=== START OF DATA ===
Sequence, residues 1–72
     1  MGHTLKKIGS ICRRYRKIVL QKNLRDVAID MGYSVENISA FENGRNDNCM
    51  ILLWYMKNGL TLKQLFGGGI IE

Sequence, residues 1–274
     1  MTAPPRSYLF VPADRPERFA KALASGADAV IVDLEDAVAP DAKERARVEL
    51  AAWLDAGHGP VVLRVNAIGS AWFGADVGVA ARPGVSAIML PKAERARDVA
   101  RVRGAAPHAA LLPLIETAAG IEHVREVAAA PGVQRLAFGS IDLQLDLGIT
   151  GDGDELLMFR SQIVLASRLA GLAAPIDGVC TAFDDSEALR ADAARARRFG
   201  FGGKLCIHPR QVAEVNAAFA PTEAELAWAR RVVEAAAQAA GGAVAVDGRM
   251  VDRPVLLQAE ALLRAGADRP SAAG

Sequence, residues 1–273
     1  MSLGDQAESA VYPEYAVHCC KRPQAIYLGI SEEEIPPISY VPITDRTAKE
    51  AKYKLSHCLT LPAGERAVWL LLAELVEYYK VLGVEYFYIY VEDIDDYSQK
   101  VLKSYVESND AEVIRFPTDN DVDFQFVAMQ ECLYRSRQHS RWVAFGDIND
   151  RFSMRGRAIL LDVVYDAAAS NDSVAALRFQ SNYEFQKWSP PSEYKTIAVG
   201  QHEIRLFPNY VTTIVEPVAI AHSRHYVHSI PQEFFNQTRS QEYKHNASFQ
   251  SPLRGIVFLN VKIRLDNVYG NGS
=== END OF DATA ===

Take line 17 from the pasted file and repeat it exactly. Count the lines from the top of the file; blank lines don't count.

   251  SPLRGIVFLN VKIRLDNVYG NGS